War Horse


Steven Spielberg is a bit like Hitchcock in this respect: even his lesser films feature something worthwhile. This would be one of those.

War Horse follows the exploits of the titular nag, from his inauspicious beginnings in Devon where Ted Narracott (Peter Mullan) buys him at auction.War Horse His wife (Emily Watson) is furious, since they needed a plough horse, not a thoroughbred, but his son Albert (Jeremy Irvine) is overjoyed and names him Joey. When the first World War comes knocking, the horse is sold to the army in order to pay off Ted’s debts, and so begins a journey through Europe and across battlelines as the steed moves from owner to owner.

It’s basically a series of short films, as we see the war from all sides as Joey passes (or is passed) from one person to another. Naturally, some of these characters are more interesting than others. After an exceedingly slow beginning featuring John Williams beating us around the head with his intrusive scoring, the film picks up once we enter the war. There are several startling sequences that really prove Spielberg hasn’t lost his touch. Whilst the slower, character-driven moments can be awkward – like everyone is posing for the camera – the action is masterfully orchestrated.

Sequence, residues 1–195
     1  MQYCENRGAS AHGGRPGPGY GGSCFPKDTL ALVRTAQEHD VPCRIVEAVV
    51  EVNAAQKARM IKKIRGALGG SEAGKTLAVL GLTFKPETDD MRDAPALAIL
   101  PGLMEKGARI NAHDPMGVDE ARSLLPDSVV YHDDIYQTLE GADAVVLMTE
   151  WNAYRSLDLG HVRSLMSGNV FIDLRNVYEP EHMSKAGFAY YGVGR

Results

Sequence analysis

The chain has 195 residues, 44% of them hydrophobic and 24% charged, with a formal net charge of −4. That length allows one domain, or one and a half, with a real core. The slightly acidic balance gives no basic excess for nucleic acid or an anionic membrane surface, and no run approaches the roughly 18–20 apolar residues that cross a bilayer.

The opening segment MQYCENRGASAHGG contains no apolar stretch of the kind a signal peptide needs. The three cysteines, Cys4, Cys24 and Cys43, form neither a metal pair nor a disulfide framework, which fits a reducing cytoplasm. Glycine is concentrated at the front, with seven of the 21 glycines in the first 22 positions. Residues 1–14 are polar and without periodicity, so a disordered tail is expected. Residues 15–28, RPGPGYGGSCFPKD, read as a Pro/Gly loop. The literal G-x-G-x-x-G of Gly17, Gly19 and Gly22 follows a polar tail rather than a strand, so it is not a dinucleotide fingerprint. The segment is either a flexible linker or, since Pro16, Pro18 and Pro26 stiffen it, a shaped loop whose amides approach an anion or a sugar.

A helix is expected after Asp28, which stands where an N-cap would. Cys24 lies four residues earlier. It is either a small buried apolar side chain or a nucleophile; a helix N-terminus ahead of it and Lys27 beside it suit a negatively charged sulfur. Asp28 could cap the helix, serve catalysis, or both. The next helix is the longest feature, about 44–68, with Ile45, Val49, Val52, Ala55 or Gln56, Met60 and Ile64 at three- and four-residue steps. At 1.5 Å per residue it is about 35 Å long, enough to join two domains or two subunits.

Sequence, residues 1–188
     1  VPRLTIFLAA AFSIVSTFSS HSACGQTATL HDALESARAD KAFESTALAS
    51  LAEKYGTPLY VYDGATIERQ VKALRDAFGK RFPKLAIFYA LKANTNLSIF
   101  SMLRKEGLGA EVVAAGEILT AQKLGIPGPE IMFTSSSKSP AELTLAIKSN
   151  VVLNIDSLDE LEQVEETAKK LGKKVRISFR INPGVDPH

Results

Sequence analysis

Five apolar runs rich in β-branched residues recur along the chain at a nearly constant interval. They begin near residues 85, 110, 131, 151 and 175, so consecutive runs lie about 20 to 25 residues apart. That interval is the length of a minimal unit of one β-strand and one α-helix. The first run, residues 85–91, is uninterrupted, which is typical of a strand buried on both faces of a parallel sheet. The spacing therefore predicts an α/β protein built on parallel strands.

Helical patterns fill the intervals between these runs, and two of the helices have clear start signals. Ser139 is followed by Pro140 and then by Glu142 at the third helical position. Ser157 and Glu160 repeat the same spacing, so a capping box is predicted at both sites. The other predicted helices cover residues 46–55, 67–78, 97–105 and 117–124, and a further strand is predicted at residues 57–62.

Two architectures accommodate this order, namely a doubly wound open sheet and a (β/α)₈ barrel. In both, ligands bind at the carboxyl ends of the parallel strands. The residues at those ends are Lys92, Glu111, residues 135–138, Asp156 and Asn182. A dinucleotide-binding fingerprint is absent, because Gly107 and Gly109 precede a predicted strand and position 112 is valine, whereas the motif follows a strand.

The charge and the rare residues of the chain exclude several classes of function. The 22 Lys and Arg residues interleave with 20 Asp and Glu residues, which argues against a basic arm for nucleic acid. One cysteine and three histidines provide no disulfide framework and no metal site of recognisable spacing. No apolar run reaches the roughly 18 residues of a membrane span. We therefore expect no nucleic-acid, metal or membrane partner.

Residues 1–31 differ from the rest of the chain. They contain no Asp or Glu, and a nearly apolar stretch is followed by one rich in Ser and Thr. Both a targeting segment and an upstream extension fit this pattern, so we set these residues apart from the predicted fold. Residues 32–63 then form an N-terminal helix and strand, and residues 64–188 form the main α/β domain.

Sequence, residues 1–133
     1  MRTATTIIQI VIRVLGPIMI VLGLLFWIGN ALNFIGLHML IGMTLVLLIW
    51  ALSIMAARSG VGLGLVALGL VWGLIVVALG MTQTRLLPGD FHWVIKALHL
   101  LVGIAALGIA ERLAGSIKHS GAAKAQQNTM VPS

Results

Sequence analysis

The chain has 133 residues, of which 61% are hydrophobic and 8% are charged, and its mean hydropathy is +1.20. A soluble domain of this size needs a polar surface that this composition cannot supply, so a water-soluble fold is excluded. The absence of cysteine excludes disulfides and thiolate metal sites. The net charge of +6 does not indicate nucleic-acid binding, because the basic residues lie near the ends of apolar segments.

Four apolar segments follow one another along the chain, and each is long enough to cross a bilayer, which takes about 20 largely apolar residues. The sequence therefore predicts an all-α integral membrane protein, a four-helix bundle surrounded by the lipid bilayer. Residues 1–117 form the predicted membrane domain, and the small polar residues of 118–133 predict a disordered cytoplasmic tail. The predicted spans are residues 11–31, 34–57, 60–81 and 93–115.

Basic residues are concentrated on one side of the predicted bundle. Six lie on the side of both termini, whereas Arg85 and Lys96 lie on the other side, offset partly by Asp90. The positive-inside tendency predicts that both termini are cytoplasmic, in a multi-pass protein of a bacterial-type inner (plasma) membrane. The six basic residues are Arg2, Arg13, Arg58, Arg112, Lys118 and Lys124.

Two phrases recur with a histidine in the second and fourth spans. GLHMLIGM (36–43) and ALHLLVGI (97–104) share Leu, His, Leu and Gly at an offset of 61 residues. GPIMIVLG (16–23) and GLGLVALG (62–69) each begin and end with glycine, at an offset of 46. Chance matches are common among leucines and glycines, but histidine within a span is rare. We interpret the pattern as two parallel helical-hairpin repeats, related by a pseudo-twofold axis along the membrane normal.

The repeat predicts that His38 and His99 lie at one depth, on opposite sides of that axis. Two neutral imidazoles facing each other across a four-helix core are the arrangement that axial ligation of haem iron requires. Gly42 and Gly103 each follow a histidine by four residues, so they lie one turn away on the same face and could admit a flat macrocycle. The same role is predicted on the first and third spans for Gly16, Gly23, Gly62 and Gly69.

It must be said that there is some incredible wrangling going on here. As far as I could tell, a CGI horse features very rarely, and the rest of the time we’re seeing what I assume are multiple well-trained horses performing as Joey. It’s sometimes funny to watch the film try to give the horse’s expression significance (after all, they’re not the most emotive of animals), but on the whole it works.

The production values are generally impressive, aside from a particular scene which features not day-for-night, but day-for-sunset. I can’t remember ever seeing this before, but Spielberg, Kaminski – whoever – decided it would be a good idea to simply slap an orange filter over the image, so as to make it look like sunset. The result looks awful (and awfully unrealistic) and really ruins the tone of the scene.

The performances range from the brilliant to the so-so. Strangely enough, Watson appears uncomfortable here, which is something I’ve never seen from the actress before. Again, it comes back to the fact that in the slower moments, the blocking of the actors and the construction of the shots seemed more important than the performances. Irvine is overly earnest most of the time, and to be honest I got a little frustrated by his constant pleading through the film. Tom Hiddleston has a standout role as Captain Nicholls, one of Joey’s owners, whilst Niels Arestrup manages to bring some authenticity to a role that could have easily been overly cheesy.

And cheese is indeed the order of the day, as Spielberg serves up a huge platter of schmalz with War Horse. At 146 minutes, the film is too long, yet strangely lightweight. It doesn’t take us anywhere new, and compared to Saving Private Ryan and Empire of the Sun, this is probably the worst of his war films. As I said at the beginning, there is still evidence of a master filmmaker at work here, it’s just that the film’s so darn earnest that it’s a struggle to truly be immersed in the narrative.

Rating: 3 stars
Review by Stuart Wilson, 2nd January 2012
Hoopla Factor: 2.5 stars

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